The Lab Monkeys Escaped, and the Airlines Are Done Transporting Them: Part One

  • There's a lot to it, but people are loud about it.

Did you hear about the experimental lab monkeys that escaped in a Pennsylvania truck crash? Well, the international airline that shipped the 100 monkeys in the first place says that they will cease transporting the animals going forward.

The contract is soon to expire and that’s that.

Michael Joseph, Kenya Airways Chairman, confirmed that the airline shipped the long-tailed Macaques from the island nation of Mauritius to John F. Kennedy International Airport in New York. The monkeys were then placed on the truck that later crashed on 54 near I-80 in rural Pennsylvania last Friday.

“As a conservationist I am equally horrified even though I am assured that … every international guideline has been followed,” Joseph told PETA.

Kenya Airways is the largest private carrier in the East African nation and he wants to end the transport of all wild animals. They will stop shipping the macaques when the contract is up at the end of February.

When the undisclosed lab truck carrying the monkeys crashed into a dump truck, four monkeys escaped from their crates in Danville, Montour County. One of the monkeys was immediately captured at the scene. The other three were quickly the subjects of a lengthy search by Pennsylvania State Police and the Pennsylvania Game Commission.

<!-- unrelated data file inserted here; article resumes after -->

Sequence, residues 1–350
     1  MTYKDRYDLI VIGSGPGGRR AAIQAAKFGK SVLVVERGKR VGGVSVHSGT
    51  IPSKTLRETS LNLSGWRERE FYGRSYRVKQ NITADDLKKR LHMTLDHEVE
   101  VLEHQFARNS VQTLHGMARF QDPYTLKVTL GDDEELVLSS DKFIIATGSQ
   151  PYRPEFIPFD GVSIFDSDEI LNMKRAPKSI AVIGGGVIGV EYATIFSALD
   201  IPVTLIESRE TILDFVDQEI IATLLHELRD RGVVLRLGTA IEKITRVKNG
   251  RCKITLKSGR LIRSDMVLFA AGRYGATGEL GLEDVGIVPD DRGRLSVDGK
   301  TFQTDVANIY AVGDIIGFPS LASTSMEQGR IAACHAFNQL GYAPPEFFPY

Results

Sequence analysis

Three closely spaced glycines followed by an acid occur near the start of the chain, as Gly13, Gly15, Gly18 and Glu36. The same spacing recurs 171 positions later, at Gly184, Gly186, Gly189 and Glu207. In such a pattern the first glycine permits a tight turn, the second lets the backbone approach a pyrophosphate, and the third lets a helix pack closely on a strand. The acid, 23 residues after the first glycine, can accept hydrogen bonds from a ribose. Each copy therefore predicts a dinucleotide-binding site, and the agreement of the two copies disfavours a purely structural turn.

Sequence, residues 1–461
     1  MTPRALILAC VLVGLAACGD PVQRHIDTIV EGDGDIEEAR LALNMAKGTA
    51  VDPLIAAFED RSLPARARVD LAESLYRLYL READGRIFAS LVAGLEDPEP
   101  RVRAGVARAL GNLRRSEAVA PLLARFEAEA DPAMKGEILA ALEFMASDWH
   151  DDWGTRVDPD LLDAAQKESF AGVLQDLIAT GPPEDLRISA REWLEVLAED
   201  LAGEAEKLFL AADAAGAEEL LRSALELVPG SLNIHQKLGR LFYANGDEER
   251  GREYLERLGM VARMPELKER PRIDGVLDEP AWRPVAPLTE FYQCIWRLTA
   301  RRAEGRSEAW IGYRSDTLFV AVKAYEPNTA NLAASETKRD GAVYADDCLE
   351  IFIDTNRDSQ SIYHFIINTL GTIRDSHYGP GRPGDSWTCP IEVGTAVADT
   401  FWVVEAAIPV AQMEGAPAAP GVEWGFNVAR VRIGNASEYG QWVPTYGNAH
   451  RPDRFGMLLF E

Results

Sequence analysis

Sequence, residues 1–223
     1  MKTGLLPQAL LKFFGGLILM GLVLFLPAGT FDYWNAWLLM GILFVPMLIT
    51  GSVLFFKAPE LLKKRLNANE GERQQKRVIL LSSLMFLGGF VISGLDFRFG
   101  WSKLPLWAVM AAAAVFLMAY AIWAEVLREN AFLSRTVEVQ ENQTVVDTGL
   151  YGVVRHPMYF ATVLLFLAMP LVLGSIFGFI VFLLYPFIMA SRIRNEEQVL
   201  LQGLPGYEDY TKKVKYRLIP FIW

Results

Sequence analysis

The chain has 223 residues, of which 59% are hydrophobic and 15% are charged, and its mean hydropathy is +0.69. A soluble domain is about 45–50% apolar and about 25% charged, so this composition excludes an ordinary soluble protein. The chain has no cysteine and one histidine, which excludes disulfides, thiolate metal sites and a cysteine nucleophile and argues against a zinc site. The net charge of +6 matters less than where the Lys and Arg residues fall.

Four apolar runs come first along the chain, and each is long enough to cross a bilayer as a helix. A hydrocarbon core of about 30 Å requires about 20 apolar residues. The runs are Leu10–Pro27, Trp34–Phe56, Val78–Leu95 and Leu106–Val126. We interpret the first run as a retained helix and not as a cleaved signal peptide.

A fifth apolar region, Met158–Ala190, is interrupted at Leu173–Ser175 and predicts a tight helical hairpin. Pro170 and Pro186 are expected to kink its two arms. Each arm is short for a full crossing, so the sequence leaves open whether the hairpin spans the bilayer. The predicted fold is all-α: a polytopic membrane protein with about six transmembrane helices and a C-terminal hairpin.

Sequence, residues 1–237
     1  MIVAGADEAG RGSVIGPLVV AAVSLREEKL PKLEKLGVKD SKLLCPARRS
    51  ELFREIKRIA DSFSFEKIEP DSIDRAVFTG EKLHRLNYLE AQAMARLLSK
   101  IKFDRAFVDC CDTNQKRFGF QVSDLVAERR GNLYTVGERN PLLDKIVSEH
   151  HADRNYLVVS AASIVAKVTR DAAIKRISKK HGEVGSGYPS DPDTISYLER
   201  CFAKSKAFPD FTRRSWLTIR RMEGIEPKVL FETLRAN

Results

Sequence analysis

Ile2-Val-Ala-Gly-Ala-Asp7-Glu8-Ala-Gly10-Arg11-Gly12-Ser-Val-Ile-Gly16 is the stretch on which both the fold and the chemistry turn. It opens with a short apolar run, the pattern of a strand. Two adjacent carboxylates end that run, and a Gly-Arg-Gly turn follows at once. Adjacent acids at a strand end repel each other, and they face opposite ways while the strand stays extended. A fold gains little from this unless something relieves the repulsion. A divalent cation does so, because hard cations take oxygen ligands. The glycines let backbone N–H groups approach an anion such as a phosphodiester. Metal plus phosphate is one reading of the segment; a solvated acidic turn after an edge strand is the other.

The three were located and euthanized on Saturday.

A woman who was driving behind the truck stopped at the scene to help, and became ill after she had close contact with the monkey feces and saliva. She was advised by the U.S. Centers for Disease Control & Prevention to seek medical attention.

The woman has received a rabies vaccination since and is on antiviral medication.

Macaques are considered among the most scientifically valuable species for medical research, which has been a point of contention among animal rights groups and scientists. In particular, it’s been universities that have urged the airlines to stay open to transporting the lab animals.

For the rest of this story, please read The Lab Monkeys Escaped, and the Airlines Are Done Transporting Them: Part Two.